The Organic Food against Climate Change challenge
, by Wessanen and Impact Hub Amsterdam in association with Triodos Bank and Crosswise Works, has started. Eleven startups were picked to challenge themselves, scale and grow their business - but also to inspire each other!
In Amsterdam innovative food startups have been popping up like mushrooms over the recent years. On May 4th, partnership broker Bas Gadiot of Crosswise Works
took the participants of the Organic Food Against Climate Change Challenge on a journey along some of the most promising ones. And what better way than to do this in a very Amsterdam-like manner: by bicycle tour! Welcome in the world of seaweed tagliatelle, fermented tea and not-so-ordinary beer brewers.
First stop, Europe’s first food business incubator. Enter the Kitchen Republic
and you see entrepreneurs in an enormous kitchen helping each other out. In this shared commercial kitchen 28 entrepreneurs can work 24/7 to make their food products a success. Bart-Jan Veldhuizen, co-founder of Kitchen Republic, explained he was inspired by similar spaces in America. Important rule: all entrepreneurs have to make different products, so that all entrepreneurs are willing to help each other out. Although the kitchen is huge, they’re almost full. Yet they have plans to expand in the near future. Some members gave us some insights on their enterprises – and let us taste their products. Kitchen Republic is an inspiring place, that’s for certain. Not only because of the impressive physical appearance of the space, but because of the determined mentality of their members as well.
Kelly Fagan of the US is the American founder of Cultured Kombucha
, Amsterdam’s first microbrewery of kombucha. In case you don’t know what kombucha is: you’re not the only one. But that’s about to change! Kombucha is fermented tea with a taste that is not easy to describe. Some say sour, some say sweet. Some say soda-like, some mention alcohol. It would be easy to host an entire afternoon discussing the taste of Kombucha, but the bottom-line is: it’s healthy an you’ll hear from it.
A whole different type of entrepreneur is Edwin Sander of Food Creativ
. Chef and visionary in one, his outspoken ideas on how he’s going to reconnect strangers again through the experience of sharing food is fascinating. Think of The Morning, his pop-up breakfasts where cuisines from all over the world are introduced. Or Foodsy, a concept that is meant to fail: a restaurant that has no waiters, to highlight the importance of staff.
All the way from down under, Peter Ong works in Kitchen Republic on his Baked in Amsterdam
pastry and his Patricia Liqueur. The latter can best be described as the good old Dutch jenever going down under in Australia’s coffee culture. G’day mate, gezellig! Peter: “The most important thing is that you as an entrepreneur have to go out and stand for your product. You have to tell customers and investors your story, because you’d do it best.” Yes, Peter, you are right. But with your Australian accent, you could sell anything.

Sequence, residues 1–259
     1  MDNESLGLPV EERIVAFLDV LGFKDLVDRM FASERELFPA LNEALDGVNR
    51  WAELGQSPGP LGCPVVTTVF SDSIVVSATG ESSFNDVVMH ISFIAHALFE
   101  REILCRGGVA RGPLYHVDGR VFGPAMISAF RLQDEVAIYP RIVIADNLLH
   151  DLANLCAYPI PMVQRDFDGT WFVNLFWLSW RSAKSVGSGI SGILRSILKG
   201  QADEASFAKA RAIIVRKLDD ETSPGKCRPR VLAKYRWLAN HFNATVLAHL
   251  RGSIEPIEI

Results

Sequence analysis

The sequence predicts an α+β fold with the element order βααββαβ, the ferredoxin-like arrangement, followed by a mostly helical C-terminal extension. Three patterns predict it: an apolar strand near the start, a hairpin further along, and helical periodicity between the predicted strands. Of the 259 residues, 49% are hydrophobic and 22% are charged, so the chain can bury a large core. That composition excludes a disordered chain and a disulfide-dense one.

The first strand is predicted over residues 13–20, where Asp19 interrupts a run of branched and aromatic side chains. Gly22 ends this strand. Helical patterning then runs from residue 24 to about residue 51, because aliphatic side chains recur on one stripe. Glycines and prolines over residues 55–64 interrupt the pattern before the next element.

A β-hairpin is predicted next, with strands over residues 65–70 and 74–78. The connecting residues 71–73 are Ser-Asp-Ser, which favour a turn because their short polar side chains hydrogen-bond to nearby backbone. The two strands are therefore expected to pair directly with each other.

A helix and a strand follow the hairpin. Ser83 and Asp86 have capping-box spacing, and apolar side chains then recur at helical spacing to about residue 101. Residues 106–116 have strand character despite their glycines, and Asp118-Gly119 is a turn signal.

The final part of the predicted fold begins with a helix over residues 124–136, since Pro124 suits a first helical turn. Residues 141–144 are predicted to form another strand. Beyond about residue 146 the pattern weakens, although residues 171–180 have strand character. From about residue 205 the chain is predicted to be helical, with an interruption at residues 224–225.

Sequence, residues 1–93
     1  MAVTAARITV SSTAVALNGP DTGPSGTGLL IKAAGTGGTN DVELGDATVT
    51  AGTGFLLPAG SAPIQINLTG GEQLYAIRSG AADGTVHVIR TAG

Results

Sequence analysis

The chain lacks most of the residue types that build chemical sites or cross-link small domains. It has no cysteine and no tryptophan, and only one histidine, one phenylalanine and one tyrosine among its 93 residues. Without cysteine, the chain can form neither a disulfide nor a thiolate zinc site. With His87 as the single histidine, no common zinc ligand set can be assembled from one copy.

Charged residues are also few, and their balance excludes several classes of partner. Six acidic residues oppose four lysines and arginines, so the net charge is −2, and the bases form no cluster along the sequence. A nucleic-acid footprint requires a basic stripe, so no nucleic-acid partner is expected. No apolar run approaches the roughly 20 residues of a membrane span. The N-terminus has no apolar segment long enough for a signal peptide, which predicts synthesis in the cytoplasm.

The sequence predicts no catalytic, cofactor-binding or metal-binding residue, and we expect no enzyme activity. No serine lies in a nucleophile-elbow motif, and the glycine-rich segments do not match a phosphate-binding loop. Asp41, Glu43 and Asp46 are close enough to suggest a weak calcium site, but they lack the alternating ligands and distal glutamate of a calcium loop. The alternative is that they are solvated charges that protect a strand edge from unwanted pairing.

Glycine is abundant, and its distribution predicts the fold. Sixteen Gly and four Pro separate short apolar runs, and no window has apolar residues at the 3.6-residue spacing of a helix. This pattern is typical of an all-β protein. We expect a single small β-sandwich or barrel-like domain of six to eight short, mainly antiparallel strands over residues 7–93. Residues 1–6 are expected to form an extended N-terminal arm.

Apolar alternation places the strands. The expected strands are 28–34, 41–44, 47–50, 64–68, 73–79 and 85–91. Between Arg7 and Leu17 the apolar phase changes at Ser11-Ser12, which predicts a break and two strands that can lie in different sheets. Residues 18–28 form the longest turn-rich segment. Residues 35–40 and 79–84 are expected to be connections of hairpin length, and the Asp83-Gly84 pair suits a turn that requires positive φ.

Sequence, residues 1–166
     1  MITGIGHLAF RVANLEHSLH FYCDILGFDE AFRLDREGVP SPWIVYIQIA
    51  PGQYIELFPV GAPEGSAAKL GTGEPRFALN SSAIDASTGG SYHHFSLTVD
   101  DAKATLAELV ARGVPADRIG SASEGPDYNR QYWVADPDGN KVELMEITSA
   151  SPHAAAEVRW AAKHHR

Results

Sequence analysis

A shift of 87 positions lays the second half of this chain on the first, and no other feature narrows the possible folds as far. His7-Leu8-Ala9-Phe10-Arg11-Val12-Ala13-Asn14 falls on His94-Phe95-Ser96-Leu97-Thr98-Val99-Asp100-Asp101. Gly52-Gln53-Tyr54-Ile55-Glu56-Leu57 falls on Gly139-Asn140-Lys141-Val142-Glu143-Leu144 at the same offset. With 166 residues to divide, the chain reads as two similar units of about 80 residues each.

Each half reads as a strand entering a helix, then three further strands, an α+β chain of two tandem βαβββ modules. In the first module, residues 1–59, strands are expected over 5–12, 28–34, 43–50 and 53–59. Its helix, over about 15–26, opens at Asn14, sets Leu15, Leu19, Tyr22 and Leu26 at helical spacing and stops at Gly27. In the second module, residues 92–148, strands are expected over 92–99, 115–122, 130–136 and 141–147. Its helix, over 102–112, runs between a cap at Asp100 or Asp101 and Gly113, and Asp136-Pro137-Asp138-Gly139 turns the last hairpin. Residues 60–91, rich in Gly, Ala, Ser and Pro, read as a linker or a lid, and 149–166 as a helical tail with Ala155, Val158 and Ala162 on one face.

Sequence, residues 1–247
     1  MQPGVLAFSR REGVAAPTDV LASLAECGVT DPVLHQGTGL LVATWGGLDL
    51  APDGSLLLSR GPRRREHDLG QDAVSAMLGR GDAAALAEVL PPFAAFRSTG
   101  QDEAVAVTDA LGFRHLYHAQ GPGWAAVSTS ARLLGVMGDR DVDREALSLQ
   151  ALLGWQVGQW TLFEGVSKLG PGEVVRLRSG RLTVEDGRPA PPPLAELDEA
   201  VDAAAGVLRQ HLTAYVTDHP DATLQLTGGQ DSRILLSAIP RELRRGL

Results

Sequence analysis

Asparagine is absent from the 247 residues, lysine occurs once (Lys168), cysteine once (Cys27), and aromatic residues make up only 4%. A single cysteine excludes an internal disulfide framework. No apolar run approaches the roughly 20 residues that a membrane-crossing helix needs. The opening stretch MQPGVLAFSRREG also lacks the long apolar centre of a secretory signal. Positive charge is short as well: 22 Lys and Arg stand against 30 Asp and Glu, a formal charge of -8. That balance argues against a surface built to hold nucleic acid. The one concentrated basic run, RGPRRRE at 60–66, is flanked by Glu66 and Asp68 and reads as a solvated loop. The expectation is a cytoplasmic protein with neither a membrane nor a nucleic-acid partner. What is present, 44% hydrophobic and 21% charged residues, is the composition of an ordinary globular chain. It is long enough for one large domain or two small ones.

Next stop, Nieuwe Hemweg. Yet again, some inspiring entrepreneurs. Willem Sodderland of Seamore
has one ambition: turning a niche food like seaweed into an everyday food. “So, I had this seaweed pasta served to my kids. You know, Bolognese and everything. I wondered what they thought of it. They said it was alright. When I told them they just tasted seaweed they were like: so what?” His experience as an entrepreneur taught him not to waste time on pleasing everyone. Just make the product as good as possible so that people don’t consider it a big change to eat more sustainable products.
An eureka moment was felt by Gijs van Maasakker when he tasted fermented coconut milk as an alternative to yoghurt. The result is Abbott Kinney’s
, a product that could be found in many organic shops. His ambition is to make plant-based alternatives that are even better than the original. Several participants concluded he is on the way to fulfill that ambition.
What is a better way than ending a day like this with a cold beer in a microbrewery? The answer is, to go to De Prael
, a brewery with great beers and a great social mission. A mission of helping psychiatric patients, drug addicts and others, who need a little bit more help to function in the work place, to a rewarding and meaningful job. Fer Kok, co-founder of the brewery and formerly working in psychiatric hospitals explained his motivation. “I love beers, but I love this group of people even more,” he concluded.
A great and inspiring day it was - and there is a lot more to come during the Organic Food against Climate Change challenge.